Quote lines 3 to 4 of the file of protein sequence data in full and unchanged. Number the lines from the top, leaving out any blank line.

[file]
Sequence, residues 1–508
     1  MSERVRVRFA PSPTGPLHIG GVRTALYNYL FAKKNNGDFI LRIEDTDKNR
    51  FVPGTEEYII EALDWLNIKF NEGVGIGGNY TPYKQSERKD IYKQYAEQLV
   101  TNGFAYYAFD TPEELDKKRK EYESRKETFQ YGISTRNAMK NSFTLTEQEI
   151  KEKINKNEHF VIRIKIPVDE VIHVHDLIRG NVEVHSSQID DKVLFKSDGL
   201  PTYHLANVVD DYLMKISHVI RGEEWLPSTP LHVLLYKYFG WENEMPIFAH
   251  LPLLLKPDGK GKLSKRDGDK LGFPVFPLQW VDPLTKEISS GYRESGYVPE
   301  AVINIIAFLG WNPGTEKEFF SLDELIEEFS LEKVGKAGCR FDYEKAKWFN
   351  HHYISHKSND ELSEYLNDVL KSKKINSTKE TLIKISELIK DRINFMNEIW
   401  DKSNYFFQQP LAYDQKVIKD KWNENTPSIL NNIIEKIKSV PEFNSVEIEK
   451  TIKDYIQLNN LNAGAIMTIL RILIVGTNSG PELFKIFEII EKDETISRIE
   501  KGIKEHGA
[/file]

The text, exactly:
    51  FVPGTEEYII EALDWLNIKF NEGVGIGGNY TPYKQSERKD IYKQYAEQLV
   101  TNGFAYYAFD TPEELDKKRK EYESRKETFQ YGISTRNAMK NSFTLTEQEI